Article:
Three more Covid-19 deaths reported in Northern Ireland
Ten deaths and 231 people tested positive for coronavirus in North
Three more people in Northern Ireland have died due to the coronavirus, bringing the total number of fatalities in the North so far to ten, the North’s Public Health Agency (PHA) reported on Thursday afternoon.
The PHA also reported that testing has resulted in 32 new Covid-19 cases in Northern Ireland, bringing the total of confirmed cases to 241.
Meanwhile, First Minister Arlene Foster has welcomed a move by the British chancellor of the exchequer Rishi Sunak to provide support of up to £2,500 per month for self-employed people in Britain and Northern Ireland affected by the coronavirus crisis.
Ms Foster said it provided reassurance for people who worked for themselves. She said it would assist people “like childminders, hairdressers, taxi drivers – all of those people who have been contacting us for clarity over these past weeks”.
“It will give a lot of people an easier sleep in their beds tonight,” said Ms Foster.
The commitment also was welcomed by the Federation of Small Business NI and by the Northern Ireland Chamber of Commerce and Industry.
The Deputy First Minister Michelle O’Neill complained that some companies in Northern Ireland were exploiting their staff by making them work even though their businesses were deemed non-essential in the current crisis.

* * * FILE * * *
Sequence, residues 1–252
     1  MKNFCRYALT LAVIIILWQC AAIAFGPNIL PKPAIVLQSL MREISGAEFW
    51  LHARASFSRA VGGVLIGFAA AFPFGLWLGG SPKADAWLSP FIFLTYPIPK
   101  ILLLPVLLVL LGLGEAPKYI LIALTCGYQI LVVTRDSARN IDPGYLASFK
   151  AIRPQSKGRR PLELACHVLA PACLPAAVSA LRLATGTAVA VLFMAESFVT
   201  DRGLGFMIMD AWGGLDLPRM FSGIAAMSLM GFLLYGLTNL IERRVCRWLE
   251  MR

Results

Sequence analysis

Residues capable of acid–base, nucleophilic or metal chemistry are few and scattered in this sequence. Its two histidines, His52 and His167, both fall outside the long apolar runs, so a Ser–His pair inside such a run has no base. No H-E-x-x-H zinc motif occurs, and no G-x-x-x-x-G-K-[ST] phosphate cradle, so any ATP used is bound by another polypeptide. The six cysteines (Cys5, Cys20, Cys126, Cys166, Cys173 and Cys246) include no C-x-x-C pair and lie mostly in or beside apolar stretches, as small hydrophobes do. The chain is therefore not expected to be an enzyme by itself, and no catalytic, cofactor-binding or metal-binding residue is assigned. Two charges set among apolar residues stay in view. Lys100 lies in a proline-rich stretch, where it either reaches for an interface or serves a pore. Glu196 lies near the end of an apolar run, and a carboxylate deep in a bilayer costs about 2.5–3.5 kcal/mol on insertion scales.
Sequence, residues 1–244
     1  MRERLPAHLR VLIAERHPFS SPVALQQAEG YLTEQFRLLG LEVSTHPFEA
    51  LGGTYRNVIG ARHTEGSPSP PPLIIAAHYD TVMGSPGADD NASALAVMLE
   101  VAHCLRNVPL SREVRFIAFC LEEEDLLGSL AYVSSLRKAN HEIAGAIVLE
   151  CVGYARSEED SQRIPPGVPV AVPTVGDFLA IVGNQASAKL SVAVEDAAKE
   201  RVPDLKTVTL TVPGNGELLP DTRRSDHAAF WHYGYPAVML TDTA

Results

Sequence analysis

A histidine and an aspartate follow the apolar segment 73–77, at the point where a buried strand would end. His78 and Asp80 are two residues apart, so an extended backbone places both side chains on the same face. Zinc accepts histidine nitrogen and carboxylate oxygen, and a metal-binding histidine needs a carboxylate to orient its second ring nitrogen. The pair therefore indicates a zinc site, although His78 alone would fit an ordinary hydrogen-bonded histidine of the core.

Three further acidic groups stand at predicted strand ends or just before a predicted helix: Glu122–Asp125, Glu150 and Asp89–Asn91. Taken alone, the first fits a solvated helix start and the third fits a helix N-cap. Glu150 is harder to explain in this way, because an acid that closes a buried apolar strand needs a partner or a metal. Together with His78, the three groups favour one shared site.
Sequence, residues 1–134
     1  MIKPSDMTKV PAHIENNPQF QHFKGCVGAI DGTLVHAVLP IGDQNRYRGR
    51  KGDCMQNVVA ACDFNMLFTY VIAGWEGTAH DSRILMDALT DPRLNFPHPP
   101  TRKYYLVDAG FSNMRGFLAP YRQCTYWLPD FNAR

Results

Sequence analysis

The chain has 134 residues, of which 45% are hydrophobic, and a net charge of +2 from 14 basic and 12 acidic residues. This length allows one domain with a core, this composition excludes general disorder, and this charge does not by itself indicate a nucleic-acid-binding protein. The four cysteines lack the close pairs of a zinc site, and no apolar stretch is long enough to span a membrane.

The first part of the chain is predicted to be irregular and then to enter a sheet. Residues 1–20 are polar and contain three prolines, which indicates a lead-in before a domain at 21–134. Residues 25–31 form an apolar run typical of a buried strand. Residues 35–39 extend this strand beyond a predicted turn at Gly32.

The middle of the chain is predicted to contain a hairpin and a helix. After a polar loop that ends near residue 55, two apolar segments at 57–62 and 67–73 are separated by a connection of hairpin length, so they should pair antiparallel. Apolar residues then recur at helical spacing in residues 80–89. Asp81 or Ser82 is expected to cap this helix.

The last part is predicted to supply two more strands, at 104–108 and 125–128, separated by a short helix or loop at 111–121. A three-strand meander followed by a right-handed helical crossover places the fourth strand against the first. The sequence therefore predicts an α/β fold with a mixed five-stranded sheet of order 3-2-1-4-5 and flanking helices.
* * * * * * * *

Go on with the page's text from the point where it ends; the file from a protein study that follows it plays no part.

She said, “We still hear reports about workers being exploited in this public health emergency. They are being given no option by their employers other than to go to work when it is not safe for them to do so. That has to stop. It must stop immediately and shame on any employer that is exploiting their workforce at this time.”
Senior sources said that the Department of Justice was cooperating with the British Ministry of Defence to utilise part of the British army base at Kinnegar in Holywood, on the outskirts of east Belfast, as a large-scale mortuary to deal with expected deaths from coronavirus.
The North’s Department of Health has set out the “next phase” of health service planning for the predicted Covid-19 surge in Northern Ireland.
These plans include prioritisation of patient care, reconfiguration of hospital services, urgent discharge of all medically fit patients, and an end to general hospital visiting – with very limited exceptions.
General visiting is halted with exceptions in place for one visitor for admitted children, mothers giving birth, children in intensive care, critical care areas and end-of-life care.
Health trusts also will be maximising and utilising all spare capacity in residential, nursing, and domiciliary care.
The department’s permanent secretary Richard Pengelly said the next phase will involve further measures to concentrate resources on essential patient care.
“In some cases it is recognised that this may mean that other services are temporarily reduced as the focus is on providing essential services and helping those most at risk access the best possible treatment,” said Mr Pengelly.
Mr Pengelly also addressed the issue of ensuring that health and care workers had proper personal protective equipment (PPE).
The Irish News reported on Wednesday that Belfast-based solicitor Claire McKeegan had received “legal instruction” from staff working in two Northern Ireland health trusts to write to health minister Robin Swann seeking “public assurances” about the provision of such equipment.
She said that staff were “fearful” and that they urgently required kit such as “full disposable gowns, aprons, footwear that can be decontaminated, fluid shields and special masks.
Mr Pengelly said the department was working to ensure all such equipment was provided.